Orchids in Yemen [Archives:2000/11/Last Page]
When, in Sana’a, you face east and consider that the Arabian peninsula, which is bordered to the north by Jordan and the drier parts of Iraq, is mostly an extremely arid plateau of huge expanses of sand and rocky desert which seem devoid of vegetation of any sort, then the quest for and discovery of orchids would seem as bizarre as any story dreamed up by Dean Swift in Gulliver’s Lilliputian wonderland of three hundred years ago. However, if you face west and consider the magnificent green mountain ranges and looking beyond, as it were, over the Red Sea to Ethiopia, to the verdant mountains of Africa, then you begin to understand that Yemen is an interface, and the discovery of orchids would not be impossible. Here particularly, in the south western corner of Africa, the Ethiopian montane flora mingled with that of the northern Asiatic and European types before both the last great ice age, and the African and Persian Gulf rifts left indelible scars on the land.
In 1981 we had come to Yemen in ignorance, knowing nothing of the flora; but our saving grace was that we had lived in Ethiopia and explored its many habitant, whether finding in the southern Bali Mountains- albeit giant ones, walking through along under damp banks in the northern mountain gullies such as at Bole. Then again, whilst living in Kenya, we had seen geraniums and buttercups growing in upland moorland, alongside streams and tracks by forest edges. Later still, in Malawi wild lilies, delphiniums even brambles were clues to the cosmopolitan nature of these flora in general. Here too in highland grassland some even on top of Mount Mulanje, we had found over a hundred ground orchids, each almost specific to one habitat, so that in fact we came to Yemen with somewhat practiced eyes.
It was on one of our first trip out, to Jebel Raymah, in 1982 that the huge richness of the Yemeni flora became apparent. Climbing up across the giant terraces towards the top- the road was not then complete -wild roses, geranium and pelargonium entranced us, wild herbs perfumed our way. We did not realize that two of the known total of twenty two Arabian orchids had been found, only once, on this mountain, Disa pulchella, with colourful scarlet flowers and Habenaria clavicornis, a green orchid. Thus, with ‘rarity’ the name we ventured forth again from Sana’a and found not only orchids, but flowers, ferns and even fungi that held affinities with the great families of Africa, Asia and Europe. Cowslips and maidenhair fern grow coyly in the damp and sheltered mouths of caves; they border overhung springs along mountain paths, where man and beasts of burden -often a team of one donkey and one camel -take refreshment from crystal clear pools of ice cold water. Along the crevices and cracks above such springs we found to our amazement the one and only ‘Arabian’ orchids whose distribution spans continents, extending from the Himalayas to the mountains of Ethiopia and Afro-oriental region in Somalia. Although widespread it may be, its hold is but tenuous, for even in Cyprus and Europe it is a very rare orchid. This Epipactis veratrifolia, however, is one of the most widespread Yemeni orchids. The first time we saw it, was not on Raymah but bordering one of those narrow mountainside man-made channels which follow with purpose the cultivated, humid and sometimes richly overgrown, tree -shaded terraces to the east of Jabel and Nabi Shu’ayb. It is found among verdure and its green in habit when thus well watered. The otherwise green flower shows exotic traces of deep purple around the rim, and becomes pendulous with age. The whole plant fades with time to buffish yellow, which is in keeping with neighbouring grasses which are hay-like in drought, a fact we discovered when once more we found this plant in dry-season situations, flowers long gone, near Kawakaban, Bab al Ajjar and Bab al Ayn. Though not a spectacular plant it is a great survivor and unique indicator of times past.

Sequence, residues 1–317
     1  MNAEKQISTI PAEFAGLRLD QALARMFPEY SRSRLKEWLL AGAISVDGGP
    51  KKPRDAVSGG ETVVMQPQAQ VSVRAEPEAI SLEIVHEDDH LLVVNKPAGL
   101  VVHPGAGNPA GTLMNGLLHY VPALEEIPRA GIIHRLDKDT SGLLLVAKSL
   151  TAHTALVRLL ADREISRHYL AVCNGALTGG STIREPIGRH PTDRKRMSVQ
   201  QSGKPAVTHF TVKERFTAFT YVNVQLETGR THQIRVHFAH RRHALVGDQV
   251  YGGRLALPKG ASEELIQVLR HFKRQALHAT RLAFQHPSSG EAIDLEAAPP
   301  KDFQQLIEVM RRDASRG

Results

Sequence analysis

The contrast in size of each of these locally rare orchids adds to the excitement of the quest. One could be forgiven for overlooking for the two six-inch orchids I’ve mentioned in my first article, Holthrix aphylla and Habenaria lefebureana, for their very size indicates elusiveness. But when twenty or thirty people walk past a group of brazen four or five foot green stems, a many-flowered spray of ‘traditionally’ orchidaceous flowers, pink, purple, white, a plant thought of by some, as “very beautiful”, and miss it- can there be forgiveness? We were out with the birdwatchers, who of all people might be considered observant (though beauty is in the eye of the beholder!). It was an unusually gregarious (for us) weekend in Taiz in 1989, and we were setting out for a walk a few miles west of the town. Lingering towards the back of the group, looking at one plant and another, and occasionally at birds, even we almost missed it as our gaze was fixed earthwards rather than the obverse; the orchid was at head- level, shoulder-level, eye-level. Yes! There is forgiveness, for after all, it was very perfectly entwined in a clump of cactus -like Euphorbia, and its lithophytic habit was unnoticed at first because the whole plant was so beautiful camouflaged as it sprawled on rocks, amongst the thorns. No dough this, and its universally drought resistant habit, its dry leathery pseudobulbs, and stiff leaves, is a major factor in its fairly widespread survival in Yemen. Its perfume, however, is unexpected and sweetly pleasant. A young Dutch friend with us, whose job it was, amongst others, to create an Herbarium, a Yemeni national collection, at their agricultural station near Dhamar, was ecstatic; so much so, that as a farewell present when, not long after, sadly we left the country, he gave us an enlarged and framed photograph of this lovely orchid.